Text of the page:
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With 14% of its workforce gone since the start of the pandemic, nursing home operators are constantly on the lookout for creative ways to bring in much needed caregivers. While some have looked overseas and advocated for an expedited visa process or immigration reform, other operators are calling on federal officials to step in and even the playing field between nursing homes and staffing agencies.

“One entity is heavily regulated and held accountable for patient care, and rightfully so, and the other entity is price gouging and has no accountability at any regulatory level and they are actually the ones providing patient care,” Moe Freedman, president of Illinois- based-Accolade Healthcare told Skilled Nursing News. “We’re fighting an uphill battle right now. There is no oversight on agencies, on top of the fact that they are price gouging us.”

Freedman expressed frustration with the fact that each time he raised his rates, staffing agencies would also raise rates and that is not something he felt should be allowed to continue.

The increasing use of agency staff has been reported throughout the pandemic, with some operators like Hillebrand Nursing & Rehabilitation Administrator Dan Suer sharing that this was his first time using agency workers in his 36 years in the industry, while others have reported paying up to four times above market for certified nursing assistants (CNAs) and registered nurses (RNs).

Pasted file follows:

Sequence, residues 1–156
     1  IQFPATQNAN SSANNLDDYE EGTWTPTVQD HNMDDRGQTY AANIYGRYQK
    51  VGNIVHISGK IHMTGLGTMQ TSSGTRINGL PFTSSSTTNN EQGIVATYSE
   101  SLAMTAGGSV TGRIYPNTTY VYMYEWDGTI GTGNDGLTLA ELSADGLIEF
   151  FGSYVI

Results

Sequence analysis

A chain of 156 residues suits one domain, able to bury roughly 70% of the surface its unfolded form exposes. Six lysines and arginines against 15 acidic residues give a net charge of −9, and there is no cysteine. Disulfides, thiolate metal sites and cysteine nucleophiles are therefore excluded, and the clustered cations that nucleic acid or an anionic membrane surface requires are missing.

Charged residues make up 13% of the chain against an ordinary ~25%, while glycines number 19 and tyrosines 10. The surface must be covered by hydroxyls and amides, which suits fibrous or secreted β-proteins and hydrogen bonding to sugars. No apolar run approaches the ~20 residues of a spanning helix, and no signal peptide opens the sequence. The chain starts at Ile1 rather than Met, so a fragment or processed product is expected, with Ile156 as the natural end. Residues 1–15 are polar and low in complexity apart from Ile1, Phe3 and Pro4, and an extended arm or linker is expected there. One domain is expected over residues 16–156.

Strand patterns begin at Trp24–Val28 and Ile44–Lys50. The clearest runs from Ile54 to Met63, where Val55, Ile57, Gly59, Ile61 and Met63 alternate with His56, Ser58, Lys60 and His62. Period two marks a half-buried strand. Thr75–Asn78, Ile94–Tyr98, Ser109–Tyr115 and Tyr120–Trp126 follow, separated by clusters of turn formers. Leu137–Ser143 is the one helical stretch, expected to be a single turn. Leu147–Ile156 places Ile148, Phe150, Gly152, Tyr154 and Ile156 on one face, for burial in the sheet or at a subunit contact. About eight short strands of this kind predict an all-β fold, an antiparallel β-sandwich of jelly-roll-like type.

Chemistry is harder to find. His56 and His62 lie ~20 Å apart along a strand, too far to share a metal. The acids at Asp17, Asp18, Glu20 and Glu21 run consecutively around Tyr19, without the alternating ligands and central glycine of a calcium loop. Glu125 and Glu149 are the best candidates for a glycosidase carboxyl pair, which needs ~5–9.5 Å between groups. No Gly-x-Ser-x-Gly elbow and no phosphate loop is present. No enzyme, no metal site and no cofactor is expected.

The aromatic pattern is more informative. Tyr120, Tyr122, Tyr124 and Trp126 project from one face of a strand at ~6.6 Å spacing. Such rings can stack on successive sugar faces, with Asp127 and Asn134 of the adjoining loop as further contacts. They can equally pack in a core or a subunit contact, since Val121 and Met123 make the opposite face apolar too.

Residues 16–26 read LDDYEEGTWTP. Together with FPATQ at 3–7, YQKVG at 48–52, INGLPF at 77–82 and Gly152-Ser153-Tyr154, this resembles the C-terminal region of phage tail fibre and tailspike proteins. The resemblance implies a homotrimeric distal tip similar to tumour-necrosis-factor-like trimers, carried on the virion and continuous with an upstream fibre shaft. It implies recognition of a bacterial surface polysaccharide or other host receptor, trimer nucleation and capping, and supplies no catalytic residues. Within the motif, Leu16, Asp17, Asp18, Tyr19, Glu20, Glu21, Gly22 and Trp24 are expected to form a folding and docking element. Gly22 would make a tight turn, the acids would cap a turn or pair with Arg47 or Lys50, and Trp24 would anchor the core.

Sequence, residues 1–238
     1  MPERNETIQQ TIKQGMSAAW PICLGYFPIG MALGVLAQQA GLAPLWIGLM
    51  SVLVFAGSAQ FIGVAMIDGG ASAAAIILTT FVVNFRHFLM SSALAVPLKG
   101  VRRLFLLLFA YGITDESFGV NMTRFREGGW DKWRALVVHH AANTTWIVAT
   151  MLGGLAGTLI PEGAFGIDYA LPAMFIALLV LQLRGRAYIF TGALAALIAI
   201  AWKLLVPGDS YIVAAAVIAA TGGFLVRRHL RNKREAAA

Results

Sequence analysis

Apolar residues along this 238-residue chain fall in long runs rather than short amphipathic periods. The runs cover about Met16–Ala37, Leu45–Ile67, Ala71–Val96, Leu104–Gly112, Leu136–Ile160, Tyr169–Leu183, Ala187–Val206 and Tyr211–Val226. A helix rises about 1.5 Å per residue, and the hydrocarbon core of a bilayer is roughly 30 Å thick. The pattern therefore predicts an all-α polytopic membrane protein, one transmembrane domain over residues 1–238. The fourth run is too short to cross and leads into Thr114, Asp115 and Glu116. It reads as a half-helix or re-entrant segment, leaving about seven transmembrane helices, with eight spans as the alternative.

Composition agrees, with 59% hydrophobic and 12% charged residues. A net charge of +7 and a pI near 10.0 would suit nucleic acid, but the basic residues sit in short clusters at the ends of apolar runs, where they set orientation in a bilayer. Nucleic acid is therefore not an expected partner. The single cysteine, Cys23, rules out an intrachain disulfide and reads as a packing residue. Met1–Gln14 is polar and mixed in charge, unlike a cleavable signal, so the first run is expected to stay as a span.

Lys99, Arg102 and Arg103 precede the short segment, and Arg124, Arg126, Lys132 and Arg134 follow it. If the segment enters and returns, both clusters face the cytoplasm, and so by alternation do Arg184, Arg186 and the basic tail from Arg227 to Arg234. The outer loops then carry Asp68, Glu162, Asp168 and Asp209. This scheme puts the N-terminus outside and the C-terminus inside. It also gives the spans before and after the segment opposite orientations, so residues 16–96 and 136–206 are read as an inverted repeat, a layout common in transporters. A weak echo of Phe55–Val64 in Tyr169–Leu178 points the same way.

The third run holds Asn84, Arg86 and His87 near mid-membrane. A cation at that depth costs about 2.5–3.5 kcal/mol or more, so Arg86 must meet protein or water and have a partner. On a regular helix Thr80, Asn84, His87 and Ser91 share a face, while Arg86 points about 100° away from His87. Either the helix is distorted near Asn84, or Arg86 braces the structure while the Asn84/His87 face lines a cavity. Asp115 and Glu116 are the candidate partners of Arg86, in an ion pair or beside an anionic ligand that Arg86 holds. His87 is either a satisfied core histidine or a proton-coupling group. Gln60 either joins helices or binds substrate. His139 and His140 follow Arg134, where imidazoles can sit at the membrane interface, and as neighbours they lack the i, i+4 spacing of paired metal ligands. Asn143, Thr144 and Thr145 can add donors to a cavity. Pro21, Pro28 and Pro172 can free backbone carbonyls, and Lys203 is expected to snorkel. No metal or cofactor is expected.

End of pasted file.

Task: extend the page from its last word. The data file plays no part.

Over the course of the pandemic, Ryan Coane, president of Ivy Healthcare, has paid “astronomical rates” for agency nursing staff with wages that have reached $100 an hour for RNs and $50 an hour for CNAs.

“There is more money [for workers] to go to agencies and to go to hospitals and I think COVID has exacerbated that,” he said. “I’m hoping that we find a little bit more stability soon with staffing … but everyone is trying to fight for the same full staff.”

Paying inflated rates for agency staff who are “creating a bad culture” and don’t provide consistent care is a tough expense for Coane to justify.

“Anytime we meet with any Congress folks, we have this conversation with them,” he said. “Agencies just start up, they get all this staff, they are not scrutinized and aren’t getting Medicare and Medicaid reimbursement and aren’t held to the same standards we are and they can slide under the radar.”

Coane was thankful that he wasn’t “cursed” with more agency as he continues to try “to keep agency out as best he can.”

American Health Care Association CEO and President Mark Parkinson has petitioned through AHCA/NCAL for more oversight on the industry moving forward.

“We’re going after the staffing agencies. What the staffing agencies have done is just unconscionable,” he said during a panel at the National Investment Center for Seniors Housing & Care (NIC) conference in Houston earlier this month.

In a letter sent last month, AHCA/NCAL asked the Federal Trade Commission to investigate direct care staffing agencies for price gouging and anticompetitive and unfair practices.

“This price gouging is simply not sustainable for our providers and the current reimbursement system structure,” the letter states.

The letter accused agencies of increasing their prices knowing that the long-term care centers would be receiving COVID-19 specific state funding.

“Our providers have little choice but to pay the exorbitant prices, and hope that the agency does not poach their staff once in the building,” the letter continues.

According to Parkinson, the FTC complaint was “just the beginning”.

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